If this all sounds pretty crazy to you, that's because it is. The Windup Girl is a completely insane adventure through a future society that feels uncannily close to our own—I found myself creeped out by the descriptions of the Chinese-massacring, Taliban-esque Green Headbands, and the food plagues are reminiscent of the resistant strains of TB and MRSA that populate the news these days.
Indeed, the book is (barring straight-up dystopias like 1984 and Fahrenheit 451) among the most intensely political works of speculative fiction I've ever encountered. I wasn't sure how I would respond to this starting out, given that I disagree with the validity of some of Bacigalupi's fundamental premises (e.g. global warming, which I don't doubt is happening to some degree but which I suspect has been grossly exaggerated by certain political groups (and perhaps grossly downplayed by others) as an agenda-furtherer, which I perceive as a gross distortion of the purpose of science and stuff like that, but that's a blog post for another day), but it wasn't a problem—I accepted the foundations of Bacigalupi's world and went along with it for the sake of the narrative, and it worked just fine. Besides, I've never been one to disparage a writer's works because I disagree with said writer's politics; this is how I'm able to be a huge, sloppy China Miéville fan even though I think he's politically an idiot. Similarly, I suspect Bacigalupi and I would dispute many things were we to talk politics, but that doesn't preclude my enjoyment of his damned-fine novel.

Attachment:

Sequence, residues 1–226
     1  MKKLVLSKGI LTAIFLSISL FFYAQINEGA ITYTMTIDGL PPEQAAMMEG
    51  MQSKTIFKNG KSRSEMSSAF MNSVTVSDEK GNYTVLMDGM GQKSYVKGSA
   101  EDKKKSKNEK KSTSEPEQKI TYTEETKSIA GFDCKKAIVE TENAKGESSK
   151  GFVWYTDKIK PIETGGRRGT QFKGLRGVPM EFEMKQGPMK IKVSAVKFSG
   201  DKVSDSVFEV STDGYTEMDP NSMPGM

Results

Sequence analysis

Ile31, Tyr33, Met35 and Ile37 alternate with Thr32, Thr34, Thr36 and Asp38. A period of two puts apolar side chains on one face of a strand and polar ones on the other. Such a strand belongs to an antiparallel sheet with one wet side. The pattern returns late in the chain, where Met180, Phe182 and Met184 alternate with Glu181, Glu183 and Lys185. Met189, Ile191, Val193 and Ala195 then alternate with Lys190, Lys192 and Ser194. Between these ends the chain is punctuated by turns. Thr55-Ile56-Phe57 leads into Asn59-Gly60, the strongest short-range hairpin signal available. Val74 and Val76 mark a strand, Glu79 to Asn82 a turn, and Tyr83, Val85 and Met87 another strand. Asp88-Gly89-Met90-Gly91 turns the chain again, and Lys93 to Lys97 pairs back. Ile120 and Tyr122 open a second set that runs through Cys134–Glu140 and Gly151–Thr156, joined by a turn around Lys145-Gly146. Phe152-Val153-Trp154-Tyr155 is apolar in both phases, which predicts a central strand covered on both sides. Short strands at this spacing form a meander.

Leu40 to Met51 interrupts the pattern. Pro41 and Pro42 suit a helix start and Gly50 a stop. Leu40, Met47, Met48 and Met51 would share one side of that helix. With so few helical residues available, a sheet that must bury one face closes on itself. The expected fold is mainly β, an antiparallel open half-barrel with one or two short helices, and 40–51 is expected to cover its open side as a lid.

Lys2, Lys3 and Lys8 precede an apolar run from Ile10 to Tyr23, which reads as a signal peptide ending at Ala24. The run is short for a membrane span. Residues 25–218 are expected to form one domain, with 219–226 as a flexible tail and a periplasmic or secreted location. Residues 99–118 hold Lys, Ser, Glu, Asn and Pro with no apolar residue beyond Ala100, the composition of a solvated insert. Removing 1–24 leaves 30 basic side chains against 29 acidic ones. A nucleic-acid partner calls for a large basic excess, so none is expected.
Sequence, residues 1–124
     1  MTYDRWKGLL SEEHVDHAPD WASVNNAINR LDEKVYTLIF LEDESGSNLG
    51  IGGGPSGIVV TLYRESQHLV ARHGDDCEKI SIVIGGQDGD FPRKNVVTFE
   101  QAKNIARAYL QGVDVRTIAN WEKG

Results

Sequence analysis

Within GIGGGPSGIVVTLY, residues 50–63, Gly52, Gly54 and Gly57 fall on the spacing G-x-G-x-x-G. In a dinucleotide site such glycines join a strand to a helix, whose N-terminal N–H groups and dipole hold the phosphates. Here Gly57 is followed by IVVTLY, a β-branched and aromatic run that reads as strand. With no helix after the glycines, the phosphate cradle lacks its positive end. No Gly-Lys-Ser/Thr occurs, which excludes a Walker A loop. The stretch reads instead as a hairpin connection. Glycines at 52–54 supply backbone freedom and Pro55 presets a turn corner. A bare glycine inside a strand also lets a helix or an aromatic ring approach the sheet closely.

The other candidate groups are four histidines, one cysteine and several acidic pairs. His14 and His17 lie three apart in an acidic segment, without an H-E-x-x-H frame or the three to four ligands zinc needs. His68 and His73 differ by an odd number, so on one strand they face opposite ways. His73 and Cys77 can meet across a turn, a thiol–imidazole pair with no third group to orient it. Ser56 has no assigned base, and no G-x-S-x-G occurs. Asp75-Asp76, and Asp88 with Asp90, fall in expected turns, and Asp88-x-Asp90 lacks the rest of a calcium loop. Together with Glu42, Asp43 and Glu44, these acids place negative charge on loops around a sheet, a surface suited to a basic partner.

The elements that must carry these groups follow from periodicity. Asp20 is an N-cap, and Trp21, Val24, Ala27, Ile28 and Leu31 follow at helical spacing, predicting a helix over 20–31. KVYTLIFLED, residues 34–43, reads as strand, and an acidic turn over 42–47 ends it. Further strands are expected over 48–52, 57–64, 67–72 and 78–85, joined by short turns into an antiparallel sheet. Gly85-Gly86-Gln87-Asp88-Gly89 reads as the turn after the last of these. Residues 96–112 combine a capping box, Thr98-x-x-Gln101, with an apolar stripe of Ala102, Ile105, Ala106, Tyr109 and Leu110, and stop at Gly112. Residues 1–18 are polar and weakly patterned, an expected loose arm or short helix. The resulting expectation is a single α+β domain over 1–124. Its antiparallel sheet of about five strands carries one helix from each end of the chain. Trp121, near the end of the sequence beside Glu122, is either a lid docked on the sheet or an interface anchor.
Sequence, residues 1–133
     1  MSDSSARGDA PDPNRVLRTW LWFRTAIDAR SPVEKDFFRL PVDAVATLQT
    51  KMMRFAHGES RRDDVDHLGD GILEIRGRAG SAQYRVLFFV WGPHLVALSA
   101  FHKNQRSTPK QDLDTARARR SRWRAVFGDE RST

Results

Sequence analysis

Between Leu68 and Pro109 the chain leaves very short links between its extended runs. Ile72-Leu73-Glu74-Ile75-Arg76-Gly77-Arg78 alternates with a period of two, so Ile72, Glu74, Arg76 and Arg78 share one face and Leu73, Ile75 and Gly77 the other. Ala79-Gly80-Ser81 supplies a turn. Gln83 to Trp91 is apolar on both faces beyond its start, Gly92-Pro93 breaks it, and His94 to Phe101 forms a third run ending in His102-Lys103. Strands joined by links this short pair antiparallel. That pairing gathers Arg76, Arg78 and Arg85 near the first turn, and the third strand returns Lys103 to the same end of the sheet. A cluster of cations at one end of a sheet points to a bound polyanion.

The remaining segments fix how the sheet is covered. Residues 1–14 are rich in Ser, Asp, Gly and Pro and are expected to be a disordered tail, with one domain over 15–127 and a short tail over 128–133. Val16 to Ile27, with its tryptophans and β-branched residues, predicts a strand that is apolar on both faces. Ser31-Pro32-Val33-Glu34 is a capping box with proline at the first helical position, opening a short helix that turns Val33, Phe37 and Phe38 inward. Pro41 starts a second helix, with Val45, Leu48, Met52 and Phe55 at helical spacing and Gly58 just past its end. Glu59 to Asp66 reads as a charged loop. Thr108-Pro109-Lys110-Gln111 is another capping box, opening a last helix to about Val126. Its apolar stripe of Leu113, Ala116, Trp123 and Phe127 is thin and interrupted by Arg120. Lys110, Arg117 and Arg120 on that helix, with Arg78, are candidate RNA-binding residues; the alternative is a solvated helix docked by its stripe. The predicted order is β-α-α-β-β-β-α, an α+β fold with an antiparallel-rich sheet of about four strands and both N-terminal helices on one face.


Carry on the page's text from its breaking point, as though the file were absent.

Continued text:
And that's not to say I disagree with all of Bacigalupi's thematic points. For example, I think much of the novel's brilliance lies in its strange and often-ambivalent portrayal of Westerners in Bangkok—they're not strictly villainous, but they're not exactly paragons of morality, either. Anderson Lake is a prime example of this; he's perfectly all right with large civilian casualties, and he's sort of a dick at times, but he remains a sympathetic character—he's really the only one who sees Emiko as a person rather than a monster, for example. Similarly, the government of Bangkok is not a shining stronghold of rectitude standing in contrast to the evil, evil western empire. The Trade Ministry and Environment Ministry (the two major branches of the government) are both rife with corruption, and neither ministry emerges as particularly "good" in the narrative. This isn't some moralistic, Avatar-esque fable of the "good natives" vs. the "bad foreigners"; this is a politically unsentimental portrayal of a complicated world where desperate times call for desperate measures, and I think Bacigalupi does an excellent job conveying that.
The book's definitely not perfect; Bacigalupi's prose sometimes felt dull and artificial, and the first half of the book dragged a bit as everything was set up. I might have liked to know more about the alternative forms of energy being utilized, as well—they seemed to have found some new source in "kink-springs" (if I understood it correctly, they condensed a spring into a tight coil and then harnessed the energy when it's released). I'm not a physicist, so I didn't quite follow), but it wasn't elaborated on beyond that.
These are minor complaints, however, in what wound up being a truly brilliant work of near-future SF. If you're looking for a thought-provoking, politically charged adventure story, check out The Windup Girl for sure.
Tuesday, November 9, 2010
But I've also been relatively quiet for another reason, and that's music. I've been entrenched in songwriting these last few weeks, and some things are (finally) starting to come together. Given that some of my long-time listeners seem to have become convinced that I'm all talk, however, I figured I'd prove them wrong with a little sample of a song I'm working on.